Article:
It’s hard to imagine banks without technology. In fact, computers have been in use in banking since the 1950s, when Bank of America introduced a computer designed specifically for processing checks. Each new decade has brought innovations that change the way banks manage daily operations and serve customers. Today, you may not even leave your house to do your banking. As much as technology has changed the use of the computer in the banking sector, banks continue to adjust the way they do things.
You may no longer get a free toaster when you open a new checking or savings account, but the process is easier than ever. You can even open a new account online. On the banking side of things, this eliminates the need to have someone on-site at each branch, manually processing and approving applications. Once an account is open, the bank manages everything electronically. Still, many banks maintain local branches with full-time account representatives to help nearby customers who want that personal touch.
Those who hadn’t yet reached adulthood by the end of the last century may not remember the days of check writing. Businesses often had to wait for a check to “clear,” which meant approval by the payer’s financial institution, to access the funds they deposited. The use of computers have sped up that entire process, with instant check authorizations. Checks have mostly become an afterthought, thanks to debit cards that take funds automatically from a person’s account. Mobile payments will take that even further, letting customers pay with a mobile device or wearable, eventually taking plastic out of the equation.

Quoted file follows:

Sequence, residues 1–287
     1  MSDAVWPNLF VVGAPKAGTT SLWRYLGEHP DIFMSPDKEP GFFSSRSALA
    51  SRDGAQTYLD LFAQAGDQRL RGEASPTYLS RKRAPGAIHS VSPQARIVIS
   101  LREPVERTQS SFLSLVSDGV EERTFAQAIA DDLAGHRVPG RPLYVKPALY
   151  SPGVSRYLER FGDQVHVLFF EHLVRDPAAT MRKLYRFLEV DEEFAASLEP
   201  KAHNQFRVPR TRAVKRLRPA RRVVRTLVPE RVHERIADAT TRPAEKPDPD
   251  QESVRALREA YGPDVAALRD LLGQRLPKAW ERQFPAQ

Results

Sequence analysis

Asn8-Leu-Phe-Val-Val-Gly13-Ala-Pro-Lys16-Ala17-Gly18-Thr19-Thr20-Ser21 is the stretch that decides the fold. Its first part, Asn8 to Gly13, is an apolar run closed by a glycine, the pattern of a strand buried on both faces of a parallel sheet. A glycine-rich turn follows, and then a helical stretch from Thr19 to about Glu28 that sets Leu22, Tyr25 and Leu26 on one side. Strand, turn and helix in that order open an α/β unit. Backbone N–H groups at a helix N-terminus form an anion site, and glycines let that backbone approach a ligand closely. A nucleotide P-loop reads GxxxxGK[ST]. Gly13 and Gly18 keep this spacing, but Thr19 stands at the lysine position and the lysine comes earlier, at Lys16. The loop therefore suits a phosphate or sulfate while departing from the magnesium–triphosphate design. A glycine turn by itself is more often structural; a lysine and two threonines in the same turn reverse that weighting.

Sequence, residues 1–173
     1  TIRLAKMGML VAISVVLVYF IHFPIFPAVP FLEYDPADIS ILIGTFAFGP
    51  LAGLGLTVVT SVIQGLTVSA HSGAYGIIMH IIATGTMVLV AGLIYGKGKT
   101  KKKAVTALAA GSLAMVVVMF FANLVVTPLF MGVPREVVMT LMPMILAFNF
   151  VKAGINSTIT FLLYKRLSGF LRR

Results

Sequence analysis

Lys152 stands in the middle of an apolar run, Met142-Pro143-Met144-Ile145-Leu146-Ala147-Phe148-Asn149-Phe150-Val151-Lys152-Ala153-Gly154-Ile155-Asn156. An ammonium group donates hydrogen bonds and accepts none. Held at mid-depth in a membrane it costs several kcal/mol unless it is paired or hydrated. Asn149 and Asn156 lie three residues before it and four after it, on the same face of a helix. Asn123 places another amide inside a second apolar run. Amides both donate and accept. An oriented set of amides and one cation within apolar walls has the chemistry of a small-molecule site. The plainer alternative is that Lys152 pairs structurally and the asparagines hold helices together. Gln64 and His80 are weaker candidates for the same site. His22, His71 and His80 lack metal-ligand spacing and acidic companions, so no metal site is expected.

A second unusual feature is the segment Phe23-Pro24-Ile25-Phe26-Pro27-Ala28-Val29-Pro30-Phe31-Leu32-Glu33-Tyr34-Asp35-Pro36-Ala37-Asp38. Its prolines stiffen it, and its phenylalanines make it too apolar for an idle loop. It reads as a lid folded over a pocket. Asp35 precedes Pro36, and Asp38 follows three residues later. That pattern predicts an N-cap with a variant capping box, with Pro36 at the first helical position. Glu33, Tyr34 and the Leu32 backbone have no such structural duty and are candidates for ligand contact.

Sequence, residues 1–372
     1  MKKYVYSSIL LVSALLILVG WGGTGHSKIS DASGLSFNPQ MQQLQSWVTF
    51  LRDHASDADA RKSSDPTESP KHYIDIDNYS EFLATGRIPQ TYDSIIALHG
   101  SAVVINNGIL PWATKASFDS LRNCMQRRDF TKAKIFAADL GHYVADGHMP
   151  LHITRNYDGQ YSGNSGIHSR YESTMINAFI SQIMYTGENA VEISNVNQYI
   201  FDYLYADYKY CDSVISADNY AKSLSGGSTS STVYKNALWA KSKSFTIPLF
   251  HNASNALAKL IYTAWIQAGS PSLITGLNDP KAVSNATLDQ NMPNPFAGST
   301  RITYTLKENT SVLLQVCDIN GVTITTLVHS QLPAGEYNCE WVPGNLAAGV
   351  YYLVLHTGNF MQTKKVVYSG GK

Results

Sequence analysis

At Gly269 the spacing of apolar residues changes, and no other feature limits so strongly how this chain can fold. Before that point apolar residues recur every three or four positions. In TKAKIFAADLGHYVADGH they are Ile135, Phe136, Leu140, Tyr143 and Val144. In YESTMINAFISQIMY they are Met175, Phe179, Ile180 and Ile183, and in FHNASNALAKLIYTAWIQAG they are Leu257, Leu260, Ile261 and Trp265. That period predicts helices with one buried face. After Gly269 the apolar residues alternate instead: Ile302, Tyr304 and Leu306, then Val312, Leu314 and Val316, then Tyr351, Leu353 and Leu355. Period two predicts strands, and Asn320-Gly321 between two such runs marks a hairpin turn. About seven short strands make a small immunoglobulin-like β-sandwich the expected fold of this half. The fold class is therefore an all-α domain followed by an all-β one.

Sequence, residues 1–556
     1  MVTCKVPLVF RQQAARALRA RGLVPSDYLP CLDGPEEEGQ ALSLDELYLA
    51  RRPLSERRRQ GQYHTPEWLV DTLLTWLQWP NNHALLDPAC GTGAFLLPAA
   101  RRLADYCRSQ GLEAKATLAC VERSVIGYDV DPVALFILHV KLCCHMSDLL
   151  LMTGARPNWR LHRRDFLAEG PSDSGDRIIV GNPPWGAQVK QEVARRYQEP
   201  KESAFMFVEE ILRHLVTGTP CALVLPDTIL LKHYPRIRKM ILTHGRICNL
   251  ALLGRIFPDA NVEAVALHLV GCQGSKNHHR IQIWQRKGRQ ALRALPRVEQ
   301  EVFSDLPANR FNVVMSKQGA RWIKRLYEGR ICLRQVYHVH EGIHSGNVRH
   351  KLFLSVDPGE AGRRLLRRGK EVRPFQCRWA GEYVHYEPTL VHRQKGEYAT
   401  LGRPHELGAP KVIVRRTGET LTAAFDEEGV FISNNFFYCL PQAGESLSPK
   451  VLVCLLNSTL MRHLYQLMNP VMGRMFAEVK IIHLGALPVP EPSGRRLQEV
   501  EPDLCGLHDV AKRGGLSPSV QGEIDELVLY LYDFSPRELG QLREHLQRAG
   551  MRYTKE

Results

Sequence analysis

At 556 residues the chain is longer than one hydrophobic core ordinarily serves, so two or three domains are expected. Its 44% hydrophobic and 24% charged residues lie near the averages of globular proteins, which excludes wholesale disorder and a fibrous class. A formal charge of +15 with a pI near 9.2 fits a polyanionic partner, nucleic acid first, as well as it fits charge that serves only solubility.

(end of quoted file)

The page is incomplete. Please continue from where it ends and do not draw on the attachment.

As much as experts claim we’re heading toward a cashless society, it remains the most used payment method in the U.S., according to PYMNTS.com. Getting cash from your bank account still requires a trip to an automatic teller machine, known as an ATM. Since the first ATM was installed in 1969, the technology has evolved, making it easier for customers to deposit money, as well as withdraw. Although human tellers are still necessary, banks are aiming to have them focus on higher-level activities as ATM technology handles most basic transactions.
Furthering the do-it-yourself banking model is online banking, which allows customers to pay bills, view account balances, transfer funds from one account to another, pay friends and much more. Financial institutions have also given consumers control over their own security by adding features like the ability to freeze a missing credit card to avoid further charges. Over time, these controls will only increase as technologies like biometrics and facial recognition keep accounts safe.